The 2020 regular session of the West Virginia Legislature is drawing to a close without action on solar Power Purchase Agreements (PPAs). After several false starts in the state Senate and House of Delegates, legislation supporting PPAs failed to materialize this year.
Solar United Neighbors and our partner, West Virginians for Energy Freedom, are preparing to fight again in 2021.
The big picture: A Power Purchase Agreement is a common and popular financing tool. PPAs allow a developer to build and own a solar array on a host customer’s property. The property owner purchases the generated electricity at a fixed rate — typically lower than what the local utility company charges — for a set time period, usually 15-25 years.
- Similar to leasing, PPAs allow property owners to go solar with little to no upfront cost.
- PPA customers lock in long-term electric rates, which helps to stabilize their monthly budgets and avoid utility rate increases.
- PPAs are legal in at least 28 states, including West Virginia’s neighbors Virginia, Maryland, Pennsylvania, and Ohio.
The problem: PPAs are not explicitly legal in West Virginia — although they’re not explicitly illegal either.
- 😕 This leads to confusion about whether or not PPAs are allowed in West Virginia.
- The lack of clarity prevents most solar developers from offering PPA contracts to their West Virginia customers.
The solution: Lawmakers could pass legislation to clarify that PPA are legal in West Virginia.
- Or… the state’s Public Service Commission (PSC) could issue a ruling to clarify whether PPAs are legal under current laws.
What happened: West Virginia lawmakers introduced but failed to move forward Senate Bill 611 (SB 611), which would legalize on-site PPAs for renewable and alternative energy generation.
- SB 611 was introduced by a bipartisan group of sponsors: Senate Judiciary Committee Chair Charles Trump (R-Morgan, 15); Senate Energy, Industry, and Mining Committee Chair Randy Smith (R-Tucker, 14); Senate Interstate Cooperation Committee Chair Sue Cline (R-Wyoming, 09); Senator Richard Lindsay (D-Kanawha, 08); and Senator Stephen Baldwin (D-Greenbrier, 10).
- SB 611 was sent to the Senate Economic Development Committee. The chair of this committee, Senator Chandler Swope (R-Mercer, 06), never placed SB 611 on the committee’s agenda. The bill never got a fair vote or even a hearing in committee.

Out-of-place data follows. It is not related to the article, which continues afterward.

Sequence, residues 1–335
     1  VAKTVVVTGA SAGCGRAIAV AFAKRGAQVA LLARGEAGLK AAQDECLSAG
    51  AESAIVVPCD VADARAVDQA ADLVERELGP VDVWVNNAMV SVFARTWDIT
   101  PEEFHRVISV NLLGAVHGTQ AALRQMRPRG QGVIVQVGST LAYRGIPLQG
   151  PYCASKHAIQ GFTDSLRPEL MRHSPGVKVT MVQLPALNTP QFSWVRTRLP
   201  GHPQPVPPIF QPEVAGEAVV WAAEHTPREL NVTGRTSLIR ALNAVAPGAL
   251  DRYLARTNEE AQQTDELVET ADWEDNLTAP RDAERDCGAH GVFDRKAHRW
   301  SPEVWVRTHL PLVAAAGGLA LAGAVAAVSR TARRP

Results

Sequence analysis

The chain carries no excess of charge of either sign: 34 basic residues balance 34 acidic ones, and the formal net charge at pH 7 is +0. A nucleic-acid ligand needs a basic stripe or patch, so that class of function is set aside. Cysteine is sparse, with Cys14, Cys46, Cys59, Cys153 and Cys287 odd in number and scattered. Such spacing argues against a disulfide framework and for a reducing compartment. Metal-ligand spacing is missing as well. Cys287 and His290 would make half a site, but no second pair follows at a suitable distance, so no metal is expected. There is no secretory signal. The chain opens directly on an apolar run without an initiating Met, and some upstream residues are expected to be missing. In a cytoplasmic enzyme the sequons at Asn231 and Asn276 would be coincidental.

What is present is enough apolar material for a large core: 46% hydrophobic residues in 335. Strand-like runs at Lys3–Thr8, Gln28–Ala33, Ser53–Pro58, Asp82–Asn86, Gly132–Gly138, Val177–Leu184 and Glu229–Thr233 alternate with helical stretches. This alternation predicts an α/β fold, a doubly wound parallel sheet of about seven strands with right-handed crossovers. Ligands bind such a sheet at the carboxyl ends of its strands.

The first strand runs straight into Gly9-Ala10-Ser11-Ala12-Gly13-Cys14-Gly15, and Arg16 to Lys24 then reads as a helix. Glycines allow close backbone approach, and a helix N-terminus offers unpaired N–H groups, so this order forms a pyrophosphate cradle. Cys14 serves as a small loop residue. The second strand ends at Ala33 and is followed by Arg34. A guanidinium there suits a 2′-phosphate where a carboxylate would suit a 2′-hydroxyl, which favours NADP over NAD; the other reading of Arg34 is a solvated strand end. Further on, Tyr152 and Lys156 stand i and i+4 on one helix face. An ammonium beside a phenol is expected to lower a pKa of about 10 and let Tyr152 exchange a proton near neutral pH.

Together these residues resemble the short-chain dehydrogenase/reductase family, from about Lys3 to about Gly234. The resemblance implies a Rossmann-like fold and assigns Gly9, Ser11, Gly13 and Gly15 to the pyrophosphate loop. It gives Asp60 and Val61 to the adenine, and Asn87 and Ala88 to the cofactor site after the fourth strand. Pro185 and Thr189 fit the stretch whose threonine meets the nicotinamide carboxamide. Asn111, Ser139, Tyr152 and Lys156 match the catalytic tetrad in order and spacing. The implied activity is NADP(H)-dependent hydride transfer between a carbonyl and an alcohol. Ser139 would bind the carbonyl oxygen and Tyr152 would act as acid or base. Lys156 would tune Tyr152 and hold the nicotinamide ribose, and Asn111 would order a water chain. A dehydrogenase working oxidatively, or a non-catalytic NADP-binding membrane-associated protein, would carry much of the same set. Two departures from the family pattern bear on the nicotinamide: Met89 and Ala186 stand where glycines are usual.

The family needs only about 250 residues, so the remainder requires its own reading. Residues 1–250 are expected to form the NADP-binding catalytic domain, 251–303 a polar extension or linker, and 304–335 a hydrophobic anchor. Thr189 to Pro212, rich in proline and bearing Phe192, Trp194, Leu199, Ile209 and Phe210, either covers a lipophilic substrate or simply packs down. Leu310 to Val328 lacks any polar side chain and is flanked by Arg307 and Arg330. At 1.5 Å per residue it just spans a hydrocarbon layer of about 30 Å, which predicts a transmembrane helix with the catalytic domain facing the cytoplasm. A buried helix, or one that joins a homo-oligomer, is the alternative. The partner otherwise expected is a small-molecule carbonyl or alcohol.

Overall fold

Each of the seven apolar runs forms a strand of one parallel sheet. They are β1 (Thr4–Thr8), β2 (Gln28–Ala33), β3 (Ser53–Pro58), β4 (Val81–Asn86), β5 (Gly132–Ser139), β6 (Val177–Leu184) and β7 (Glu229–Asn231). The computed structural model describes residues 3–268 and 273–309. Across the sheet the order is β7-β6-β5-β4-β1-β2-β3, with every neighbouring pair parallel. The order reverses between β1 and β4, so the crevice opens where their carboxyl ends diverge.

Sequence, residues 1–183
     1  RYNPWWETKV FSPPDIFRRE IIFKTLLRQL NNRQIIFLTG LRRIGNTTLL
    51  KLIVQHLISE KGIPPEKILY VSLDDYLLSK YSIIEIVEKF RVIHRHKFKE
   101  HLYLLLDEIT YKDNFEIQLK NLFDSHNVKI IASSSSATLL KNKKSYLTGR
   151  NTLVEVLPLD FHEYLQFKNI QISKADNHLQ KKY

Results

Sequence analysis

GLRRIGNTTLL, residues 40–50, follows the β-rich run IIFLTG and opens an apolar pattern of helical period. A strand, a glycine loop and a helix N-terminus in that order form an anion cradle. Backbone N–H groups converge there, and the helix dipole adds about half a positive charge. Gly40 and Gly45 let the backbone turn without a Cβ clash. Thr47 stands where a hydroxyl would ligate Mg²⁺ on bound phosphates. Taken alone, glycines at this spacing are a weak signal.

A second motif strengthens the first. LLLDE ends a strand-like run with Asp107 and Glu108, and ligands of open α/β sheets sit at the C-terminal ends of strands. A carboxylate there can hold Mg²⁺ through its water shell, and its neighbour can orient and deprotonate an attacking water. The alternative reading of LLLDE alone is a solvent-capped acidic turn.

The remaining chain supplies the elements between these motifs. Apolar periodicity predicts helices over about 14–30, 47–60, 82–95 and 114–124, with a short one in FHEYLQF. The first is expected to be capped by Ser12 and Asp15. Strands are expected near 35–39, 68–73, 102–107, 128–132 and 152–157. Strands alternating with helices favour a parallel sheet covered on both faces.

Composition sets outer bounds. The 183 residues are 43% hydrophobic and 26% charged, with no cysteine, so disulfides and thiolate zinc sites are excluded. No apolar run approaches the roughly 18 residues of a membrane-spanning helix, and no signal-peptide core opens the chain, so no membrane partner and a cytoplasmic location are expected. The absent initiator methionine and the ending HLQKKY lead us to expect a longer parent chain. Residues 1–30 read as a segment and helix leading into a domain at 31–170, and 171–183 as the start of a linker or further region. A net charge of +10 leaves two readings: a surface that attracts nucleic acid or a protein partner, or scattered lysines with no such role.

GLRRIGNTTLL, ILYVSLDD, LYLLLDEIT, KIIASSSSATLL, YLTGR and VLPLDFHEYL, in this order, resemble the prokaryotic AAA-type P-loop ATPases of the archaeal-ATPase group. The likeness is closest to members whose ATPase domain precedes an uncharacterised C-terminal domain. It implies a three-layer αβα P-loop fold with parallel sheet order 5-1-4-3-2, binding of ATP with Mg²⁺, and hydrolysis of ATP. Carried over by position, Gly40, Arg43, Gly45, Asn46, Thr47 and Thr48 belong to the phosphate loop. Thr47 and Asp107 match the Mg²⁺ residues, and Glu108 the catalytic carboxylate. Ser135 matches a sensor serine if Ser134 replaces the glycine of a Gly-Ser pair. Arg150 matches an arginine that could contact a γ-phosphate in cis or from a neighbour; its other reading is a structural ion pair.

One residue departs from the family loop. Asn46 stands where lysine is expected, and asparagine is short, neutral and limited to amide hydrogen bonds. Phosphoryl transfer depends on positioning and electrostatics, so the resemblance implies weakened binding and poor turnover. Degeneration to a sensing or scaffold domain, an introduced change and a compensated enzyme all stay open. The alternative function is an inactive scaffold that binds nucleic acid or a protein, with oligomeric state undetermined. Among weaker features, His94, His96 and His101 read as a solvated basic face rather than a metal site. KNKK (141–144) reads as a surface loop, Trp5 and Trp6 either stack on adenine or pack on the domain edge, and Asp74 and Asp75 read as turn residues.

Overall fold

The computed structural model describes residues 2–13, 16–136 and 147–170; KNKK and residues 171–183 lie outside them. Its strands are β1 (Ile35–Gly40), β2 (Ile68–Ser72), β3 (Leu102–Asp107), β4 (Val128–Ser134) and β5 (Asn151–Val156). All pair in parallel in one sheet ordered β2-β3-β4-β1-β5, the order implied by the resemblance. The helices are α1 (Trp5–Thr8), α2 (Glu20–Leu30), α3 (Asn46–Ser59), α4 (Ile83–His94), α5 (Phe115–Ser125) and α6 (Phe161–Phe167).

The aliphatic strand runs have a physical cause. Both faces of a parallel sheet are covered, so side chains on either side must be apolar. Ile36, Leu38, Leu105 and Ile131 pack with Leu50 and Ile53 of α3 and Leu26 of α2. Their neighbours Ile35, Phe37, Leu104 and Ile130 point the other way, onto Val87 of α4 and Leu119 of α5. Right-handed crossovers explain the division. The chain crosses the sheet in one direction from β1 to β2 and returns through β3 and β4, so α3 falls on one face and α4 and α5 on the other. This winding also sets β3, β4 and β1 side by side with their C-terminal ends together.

Why it matters: The federal solar investment tax credit (ITC) is rapidly decreasing.
- The ITC offsets 26% of the total costs of solar projects completed in 2020. The ITC decreases to 📉 22% in 2021, and then decreases to 📉 0% for residential projects in 2022. (Commercial projects permanently decrease to 📉 10% in 2022.)
- Entering into a PPA with a private, tax-paying solar developer allows tax-exempt institutions (such as schools, governments, and churches) to take advantage of ITC savings.
- Legalizing PPAs will create jobs for West Virginians in the rapidly growing solar industry.
What’s next: Although SB 611 didn’t become law during in 2020, we’ve made significant incremental progress toward our goal of legalizing PPAs in West Virginia.
- State legislative leaders have agreed to an interim study on PPAs. The study could result in support for a PPA bill during the 2021 legislative session.
- Public support for PPAs is growing. More than ✉️📞📄 330 people sent 540 emails, calls, and letters of support for PPAs to their lawmakers during the 2020 regular legislative session.
- Municipalities across West Virginia are have issued statements of support urging legislators to act, including: Morgantown City Council, Bluefield Board of Directors, Huntington Mayor’s Office, Charleston City Council, and Jefferson County Development Authority.
- Solar United Neighbors will continue to educate lawmakers about how PPAs expand access to solar and renewable energy in West Virginia and bring new jobs and economic benefits.